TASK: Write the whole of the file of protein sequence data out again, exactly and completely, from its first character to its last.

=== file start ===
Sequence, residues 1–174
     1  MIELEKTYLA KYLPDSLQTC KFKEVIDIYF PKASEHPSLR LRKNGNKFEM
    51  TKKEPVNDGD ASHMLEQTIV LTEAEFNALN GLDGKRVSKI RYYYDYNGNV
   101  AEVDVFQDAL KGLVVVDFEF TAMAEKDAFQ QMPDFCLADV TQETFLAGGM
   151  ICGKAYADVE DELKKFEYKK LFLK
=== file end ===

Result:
Sequence, residues 1–174
     1  MIELEKTYLA KYLPDSLQTC KFKEVIDIYF PKASEHPSLR LRKNGNKFEM
    51  TKKEPVNDGD ASHMLEQTIV LTEAEFNALN GLDGKRVSKI RYYYDYNGNV
   101  AEVDVFQDAL KGLVVVDFEF TAMAEKDAFQ QMPDFCLADV TQETFLAGGM
   151  ICGKAYADVE DELKKFEYKK LFLK